During the Discoveries period, mathematician Pedro Nunes found out that the navigation routes that maintain a steady course, intersecting all meridians with the same angle, determine a curve, which became known as loxodrome*.

Since that time, it is known that the route taken while keeping a constant angle with all meridians is not, in general, the shortest path. The curve that satisfies this property is called great circle arc and it minimizes the distance between two points - for more details, please go to the page on Spherical Geometry). If the Portuguese navigators wanted to follow a great circle arc to follow the shortest path between two places on the planet, they would have to be continuously evaluating and modifying the navigation angle, an impossible task in high sea, at the time. Therefore, the simplest way to navigate through the seas was to keep a constant angle. (Randles, 1989 [1]).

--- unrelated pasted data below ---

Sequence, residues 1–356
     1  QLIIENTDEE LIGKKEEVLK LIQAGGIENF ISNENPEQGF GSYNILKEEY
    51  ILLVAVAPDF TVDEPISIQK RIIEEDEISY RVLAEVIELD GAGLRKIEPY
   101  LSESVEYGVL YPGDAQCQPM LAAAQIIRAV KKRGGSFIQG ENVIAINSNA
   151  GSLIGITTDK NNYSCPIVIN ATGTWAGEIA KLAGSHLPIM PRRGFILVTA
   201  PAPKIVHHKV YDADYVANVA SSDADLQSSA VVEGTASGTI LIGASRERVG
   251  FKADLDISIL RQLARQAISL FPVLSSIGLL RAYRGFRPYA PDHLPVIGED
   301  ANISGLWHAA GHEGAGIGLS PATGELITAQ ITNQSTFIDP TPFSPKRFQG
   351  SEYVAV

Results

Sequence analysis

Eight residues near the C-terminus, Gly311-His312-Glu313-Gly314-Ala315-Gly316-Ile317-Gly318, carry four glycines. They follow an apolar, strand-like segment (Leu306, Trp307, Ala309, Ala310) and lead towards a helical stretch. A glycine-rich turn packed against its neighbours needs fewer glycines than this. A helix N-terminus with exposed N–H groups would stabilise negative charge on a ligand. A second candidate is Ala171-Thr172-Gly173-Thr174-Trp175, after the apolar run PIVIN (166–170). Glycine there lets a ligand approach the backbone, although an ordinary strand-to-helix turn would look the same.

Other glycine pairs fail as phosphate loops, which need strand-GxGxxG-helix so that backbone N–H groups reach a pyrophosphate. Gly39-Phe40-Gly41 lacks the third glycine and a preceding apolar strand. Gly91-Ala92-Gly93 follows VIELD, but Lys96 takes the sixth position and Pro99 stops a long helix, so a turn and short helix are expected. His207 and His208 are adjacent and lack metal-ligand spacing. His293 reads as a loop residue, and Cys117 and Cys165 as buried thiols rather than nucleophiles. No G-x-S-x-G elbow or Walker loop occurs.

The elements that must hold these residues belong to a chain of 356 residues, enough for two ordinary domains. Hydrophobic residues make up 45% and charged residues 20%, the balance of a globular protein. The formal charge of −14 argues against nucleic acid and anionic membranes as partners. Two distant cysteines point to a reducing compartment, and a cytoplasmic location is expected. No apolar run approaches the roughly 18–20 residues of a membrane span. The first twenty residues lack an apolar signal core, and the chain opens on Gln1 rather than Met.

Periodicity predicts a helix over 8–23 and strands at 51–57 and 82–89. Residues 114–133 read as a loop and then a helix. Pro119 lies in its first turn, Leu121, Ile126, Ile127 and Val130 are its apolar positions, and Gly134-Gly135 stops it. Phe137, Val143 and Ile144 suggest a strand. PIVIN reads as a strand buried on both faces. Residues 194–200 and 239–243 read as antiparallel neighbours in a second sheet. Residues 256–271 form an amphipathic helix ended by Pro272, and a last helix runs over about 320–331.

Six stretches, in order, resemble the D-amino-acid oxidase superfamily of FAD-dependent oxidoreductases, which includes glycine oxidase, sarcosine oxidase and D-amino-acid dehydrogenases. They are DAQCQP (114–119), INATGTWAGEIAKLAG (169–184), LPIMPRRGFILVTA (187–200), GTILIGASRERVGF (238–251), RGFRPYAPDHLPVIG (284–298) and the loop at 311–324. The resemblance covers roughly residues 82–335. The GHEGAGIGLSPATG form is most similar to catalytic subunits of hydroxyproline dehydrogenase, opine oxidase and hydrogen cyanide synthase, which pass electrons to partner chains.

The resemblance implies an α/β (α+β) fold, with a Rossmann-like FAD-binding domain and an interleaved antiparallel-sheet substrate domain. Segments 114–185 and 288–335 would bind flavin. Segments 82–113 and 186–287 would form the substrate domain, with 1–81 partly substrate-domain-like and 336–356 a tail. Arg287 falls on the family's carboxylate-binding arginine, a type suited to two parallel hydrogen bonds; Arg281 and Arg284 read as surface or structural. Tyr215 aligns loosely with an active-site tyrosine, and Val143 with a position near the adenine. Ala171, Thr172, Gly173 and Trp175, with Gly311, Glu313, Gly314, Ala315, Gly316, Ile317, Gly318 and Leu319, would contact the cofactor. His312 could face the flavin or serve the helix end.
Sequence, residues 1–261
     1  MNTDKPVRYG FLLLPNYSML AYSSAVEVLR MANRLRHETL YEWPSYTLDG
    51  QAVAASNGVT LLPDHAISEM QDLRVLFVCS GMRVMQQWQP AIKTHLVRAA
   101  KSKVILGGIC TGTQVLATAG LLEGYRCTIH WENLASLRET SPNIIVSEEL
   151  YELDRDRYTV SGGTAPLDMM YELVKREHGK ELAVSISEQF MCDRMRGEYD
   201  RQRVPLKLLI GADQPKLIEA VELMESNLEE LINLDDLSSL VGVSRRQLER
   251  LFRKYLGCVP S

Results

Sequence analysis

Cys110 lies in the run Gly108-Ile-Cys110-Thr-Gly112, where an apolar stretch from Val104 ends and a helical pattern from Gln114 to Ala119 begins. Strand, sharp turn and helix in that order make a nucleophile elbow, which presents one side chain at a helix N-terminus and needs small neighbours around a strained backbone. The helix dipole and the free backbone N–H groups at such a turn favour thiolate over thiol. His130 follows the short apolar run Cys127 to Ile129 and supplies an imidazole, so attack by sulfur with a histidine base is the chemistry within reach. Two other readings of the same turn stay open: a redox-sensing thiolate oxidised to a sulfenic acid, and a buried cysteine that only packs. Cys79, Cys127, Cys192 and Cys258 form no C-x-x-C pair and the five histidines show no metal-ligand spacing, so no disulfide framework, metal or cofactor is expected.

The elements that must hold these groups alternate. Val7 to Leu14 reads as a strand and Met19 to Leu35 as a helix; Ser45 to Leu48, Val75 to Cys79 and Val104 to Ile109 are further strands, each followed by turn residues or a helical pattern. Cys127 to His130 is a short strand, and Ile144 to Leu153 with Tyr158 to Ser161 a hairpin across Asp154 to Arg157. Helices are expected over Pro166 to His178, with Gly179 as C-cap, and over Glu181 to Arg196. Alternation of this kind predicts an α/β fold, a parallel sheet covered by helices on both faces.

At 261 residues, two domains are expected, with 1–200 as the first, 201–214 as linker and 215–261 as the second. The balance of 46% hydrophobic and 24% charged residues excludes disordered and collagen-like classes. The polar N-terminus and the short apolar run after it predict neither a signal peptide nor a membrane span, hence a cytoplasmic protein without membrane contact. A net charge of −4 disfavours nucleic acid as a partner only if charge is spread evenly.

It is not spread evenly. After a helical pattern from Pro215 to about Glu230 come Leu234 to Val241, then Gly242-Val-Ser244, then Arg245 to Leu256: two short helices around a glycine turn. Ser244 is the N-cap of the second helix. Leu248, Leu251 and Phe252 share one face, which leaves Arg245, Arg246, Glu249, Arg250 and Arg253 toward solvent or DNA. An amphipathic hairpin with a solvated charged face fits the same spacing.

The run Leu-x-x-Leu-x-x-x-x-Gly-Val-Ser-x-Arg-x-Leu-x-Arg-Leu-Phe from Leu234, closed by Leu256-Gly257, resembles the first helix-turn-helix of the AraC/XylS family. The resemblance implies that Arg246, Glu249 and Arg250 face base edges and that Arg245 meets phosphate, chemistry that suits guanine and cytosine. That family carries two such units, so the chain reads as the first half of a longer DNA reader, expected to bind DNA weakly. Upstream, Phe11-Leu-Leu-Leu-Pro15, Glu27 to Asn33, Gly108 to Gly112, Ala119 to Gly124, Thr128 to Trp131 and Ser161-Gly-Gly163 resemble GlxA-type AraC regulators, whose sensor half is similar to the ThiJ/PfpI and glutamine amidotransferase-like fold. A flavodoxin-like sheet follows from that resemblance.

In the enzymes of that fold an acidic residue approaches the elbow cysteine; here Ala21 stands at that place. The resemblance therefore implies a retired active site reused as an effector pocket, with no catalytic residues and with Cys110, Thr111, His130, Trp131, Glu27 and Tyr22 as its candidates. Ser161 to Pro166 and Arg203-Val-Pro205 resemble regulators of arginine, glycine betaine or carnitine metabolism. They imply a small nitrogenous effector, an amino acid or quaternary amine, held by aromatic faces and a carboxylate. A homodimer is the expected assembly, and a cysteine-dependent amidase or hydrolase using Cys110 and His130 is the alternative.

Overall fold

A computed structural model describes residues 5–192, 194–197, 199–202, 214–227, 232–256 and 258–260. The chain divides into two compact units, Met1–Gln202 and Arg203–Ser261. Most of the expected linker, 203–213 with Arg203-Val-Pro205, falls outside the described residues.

A loxodrome is represented in red, passing through two points; the shortest great circle arc defined by the same two points is displayed in blue (shortest path).



* In this work, if there is no ambiguity, we shall identify the curve with its trace, that is, we shall not make a distinction between two curves with the same trace.